Our crankshaft is a stock...
Our crankshaft is a stock unit, one of the majority of 440 cranks that were forged. It's harder to find a cast 440 crank than a forged one, and like the block, there are no preferred years of manufacture.
The key to big power in any...
The key to big power in any street engine is the teaming of cylinder heads with camshaft and intake manifold. We've got some of the best stuff going for the 440, in our Indy aluminum cylinder heads. The heads require an Indy intake manifold, so selection isn't hard! The chambers house 2.17-inch intake and 1.81-inch exhaust valves.
Our valves are also of high...
Our valves are also of high quality. Manley severe-duty stainless units are teamed with Manley springs, keepers, and retainers. Valve stem diameter is 11/32-inch.
Our rocker shafts and roller...
Our rocker shafts and roller rocker assemblies are all top-notch T&D goodies. These are the pieces recommended for use with the Indy heads, and Landy advises careful assembly to ensure the oil holes in the shafts are installed facing down toward the pressure source. They can be assembled upside down, and prevent lube from reaching the valvetrain. The fully-rollerized rockers offer traditional locknut adjustments for valve lash.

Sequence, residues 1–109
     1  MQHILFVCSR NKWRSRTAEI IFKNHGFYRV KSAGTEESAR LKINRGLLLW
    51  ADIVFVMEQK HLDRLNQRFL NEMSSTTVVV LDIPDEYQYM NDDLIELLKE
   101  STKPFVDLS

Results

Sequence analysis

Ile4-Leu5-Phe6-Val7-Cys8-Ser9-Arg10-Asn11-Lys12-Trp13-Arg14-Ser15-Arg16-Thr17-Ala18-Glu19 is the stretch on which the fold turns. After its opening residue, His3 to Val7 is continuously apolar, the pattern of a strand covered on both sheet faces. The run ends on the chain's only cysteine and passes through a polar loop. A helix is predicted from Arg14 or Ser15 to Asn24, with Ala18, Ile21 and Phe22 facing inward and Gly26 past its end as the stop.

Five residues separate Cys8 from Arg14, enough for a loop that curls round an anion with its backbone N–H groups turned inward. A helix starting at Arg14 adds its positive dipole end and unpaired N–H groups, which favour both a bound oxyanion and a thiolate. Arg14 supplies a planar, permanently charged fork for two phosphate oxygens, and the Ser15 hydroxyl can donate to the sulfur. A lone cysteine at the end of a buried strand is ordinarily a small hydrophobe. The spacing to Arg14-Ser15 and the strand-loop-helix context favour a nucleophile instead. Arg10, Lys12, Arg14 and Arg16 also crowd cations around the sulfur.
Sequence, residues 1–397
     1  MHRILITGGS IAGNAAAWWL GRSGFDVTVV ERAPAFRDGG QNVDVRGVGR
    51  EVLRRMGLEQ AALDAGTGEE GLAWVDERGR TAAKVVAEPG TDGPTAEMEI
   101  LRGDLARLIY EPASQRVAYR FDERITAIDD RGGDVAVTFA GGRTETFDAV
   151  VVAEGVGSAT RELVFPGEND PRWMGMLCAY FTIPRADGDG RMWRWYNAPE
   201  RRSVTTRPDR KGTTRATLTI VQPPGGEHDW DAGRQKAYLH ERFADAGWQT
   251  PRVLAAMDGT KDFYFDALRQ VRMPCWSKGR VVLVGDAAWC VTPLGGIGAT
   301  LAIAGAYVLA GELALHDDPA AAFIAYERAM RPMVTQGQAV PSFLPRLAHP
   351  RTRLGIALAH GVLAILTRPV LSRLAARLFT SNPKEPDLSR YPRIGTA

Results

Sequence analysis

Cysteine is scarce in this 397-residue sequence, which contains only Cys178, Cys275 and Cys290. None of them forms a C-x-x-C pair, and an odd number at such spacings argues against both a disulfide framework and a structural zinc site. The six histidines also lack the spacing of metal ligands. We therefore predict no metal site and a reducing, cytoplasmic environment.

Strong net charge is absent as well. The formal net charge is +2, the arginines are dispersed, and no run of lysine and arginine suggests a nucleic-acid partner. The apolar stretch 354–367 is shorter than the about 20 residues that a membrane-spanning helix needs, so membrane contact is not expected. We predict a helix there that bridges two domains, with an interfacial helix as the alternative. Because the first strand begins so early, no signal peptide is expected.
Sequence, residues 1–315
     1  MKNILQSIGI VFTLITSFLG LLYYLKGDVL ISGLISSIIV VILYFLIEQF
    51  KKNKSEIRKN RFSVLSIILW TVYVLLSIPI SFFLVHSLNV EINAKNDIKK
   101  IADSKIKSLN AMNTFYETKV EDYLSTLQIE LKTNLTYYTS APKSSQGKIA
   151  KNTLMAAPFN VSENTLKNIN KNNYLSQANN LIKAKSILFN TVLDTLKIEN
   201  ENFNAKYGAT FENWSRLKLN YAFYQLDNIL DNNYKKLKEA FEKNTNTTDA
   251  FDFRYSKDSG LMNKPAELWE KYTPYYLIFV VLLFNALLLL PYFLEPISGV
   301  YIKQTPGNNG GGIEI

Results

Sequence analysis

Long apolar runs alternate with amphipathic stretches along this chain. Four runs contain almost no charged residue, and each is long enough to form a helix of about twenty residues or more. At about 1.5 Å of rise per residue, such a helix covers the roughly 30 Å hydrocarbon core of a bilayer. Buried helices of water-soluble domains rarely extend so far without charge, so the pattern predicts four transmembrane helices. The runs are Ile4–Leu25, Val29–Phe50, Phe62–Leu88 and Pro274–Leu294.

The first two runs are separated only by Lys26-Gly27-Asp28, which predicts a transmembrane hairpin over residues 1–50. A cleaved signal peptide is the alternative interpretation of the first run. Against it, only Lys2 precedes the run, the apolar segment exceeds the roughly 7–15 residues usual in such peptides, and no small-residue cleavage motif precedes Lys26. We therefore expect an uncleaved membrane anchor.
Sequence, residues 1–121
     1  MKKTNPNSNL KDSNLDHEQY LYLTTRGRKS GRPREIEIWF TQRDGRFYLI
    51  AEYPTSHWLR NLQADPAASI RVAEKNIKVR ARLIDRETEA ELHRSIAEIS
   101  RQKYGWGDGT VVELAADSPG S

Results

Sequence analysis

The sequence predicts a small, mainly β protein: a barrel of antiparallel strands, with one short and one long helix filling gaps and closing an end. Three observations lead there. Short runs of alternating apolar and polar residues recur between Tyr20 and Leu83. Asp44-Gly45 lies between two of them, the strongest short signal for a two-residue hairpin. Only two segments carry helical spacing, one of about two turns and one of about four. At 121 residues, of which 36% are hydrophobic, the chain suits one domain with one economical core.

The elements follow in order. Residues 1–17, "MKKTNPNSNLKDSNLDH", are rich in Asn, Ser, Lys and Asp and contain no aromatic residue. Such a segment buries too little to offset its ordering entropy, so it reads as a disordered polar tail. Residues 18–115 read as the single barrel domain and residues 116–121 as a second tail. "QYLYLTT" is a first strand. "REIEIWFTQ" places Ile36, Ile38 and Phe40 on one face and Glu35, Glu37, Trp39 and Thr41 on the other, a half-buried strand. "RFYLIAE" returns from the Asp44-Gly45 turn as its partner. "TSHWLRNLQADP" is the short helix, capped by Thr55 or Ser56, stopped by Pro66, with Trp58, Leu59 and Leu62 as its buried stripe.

Summit did us a favor when...
Summit did us a favor when they sent the Hex-A-Just timing gear. Instead of wrestling with offset dowels to dial-in cam timing, the Hex-A-Just piece features a simple hex-headed dowel, which is indexed. The gears also come with a nice Torrington roller bearing for use with our roller cam.
Landy outfitted this with...
Landy outfitted this with a cam button too, so if the cam decides to walk forward or backward, the travel will be both limited and controlled while being treated to minimal rolling resistance.
Our camshaft is an Erson piece,...
Our camshaft is an Erson piece, carrying PN R-276-1. Measurements are .675-inch lift and 276 degrees (at .050 inch of lift) of duration on the intake, with .645-inch (and 286 degrees of duration) on the exhaust. Can you say rumpity-rump! If it idles around 850rpm like Dick says, we'll have to call it streetable. Better not rely on it for power brakes, though. How about a high-stall converter? You bet; Dick suggested something in the 3,000-rpm range, if not more. This is a lot of cam for the street, but we don't like building wussy engines.